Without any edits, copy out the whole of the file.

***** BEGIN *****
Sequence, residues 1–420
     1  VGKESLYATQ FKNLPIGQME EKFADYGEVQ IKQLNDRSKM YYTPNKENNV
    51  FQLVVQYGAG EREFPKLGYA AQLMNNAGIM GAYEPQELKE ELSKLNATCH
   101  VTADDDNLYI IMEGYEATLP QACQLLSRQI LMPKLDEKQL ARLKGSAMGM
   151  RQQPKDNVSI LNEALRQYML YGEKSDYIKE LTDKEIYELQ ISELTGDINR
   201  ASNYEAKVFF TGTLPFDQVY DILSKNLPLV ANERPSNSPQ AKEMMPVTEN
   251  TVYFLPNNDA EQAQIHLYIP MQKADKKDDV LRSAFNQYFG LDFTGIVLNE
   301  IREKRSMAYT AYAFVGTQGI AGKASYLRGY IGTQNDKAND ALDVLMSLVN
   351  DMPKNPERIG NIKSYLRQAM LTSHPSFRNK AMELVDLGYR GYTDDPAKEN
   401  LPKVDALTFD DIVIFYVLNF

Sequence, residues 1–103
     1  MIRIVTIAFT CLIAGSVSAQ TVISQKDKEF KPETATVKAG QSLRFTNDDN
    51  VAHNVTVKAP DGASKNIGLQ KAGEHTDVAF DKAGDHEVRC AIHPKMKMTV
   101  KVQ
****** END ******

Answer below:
Sequence, residues 1–420
     1  VGKESLYATQ FKNLPIGQME EKFADYGEVQ IKQLNDRSKM YYTPNKENNV
    51  FQLVVQYGAG EREFPKLGYA AQLMNNAGIM GAYEPQELKE ELSKLNATCH
   101  VTADDDNLYI IMEGYEATLP QACQLLSRQI LMPKLDEKQL ARLKGSAMGM
   151  RQQPKDNVSI LNEALRQYML YGEKSDYIKE LTDKEIYELQ ISELTGDINR
   201  ASNYEAKVFF TGTLPFDQVY DILSKNLPLV ANERPSNSPQ AKEMMPVTEN
   251  TVYFLPNNDA EQAQIHLYIP MQKADKKDDV LRSAFNQYFG LDFTGIVLNE
   301  IREKRSMAYT AYAFVGTQGI AGKASYLRGY IGTQNDKAND ALDVLMSLVN
   351  DMPKNPERIG NIKSYLRQAM LTSHPSFRNK AMELVDLGYR GYTDDPAKEN
   401  LPKVDALTFD DIVIFYVLNF

Sequence, residues 1–103
     1  MIRIVTIAFT CLIAGSVSAQ TVISQKDKEF KPETATVKAG QSLRFTNDDN
    51  VAHNVTVKAP DGASKNIGLQ KAGEHTDVAF DKAGDHEVRC AIHPKMKMTV
   101  KVQ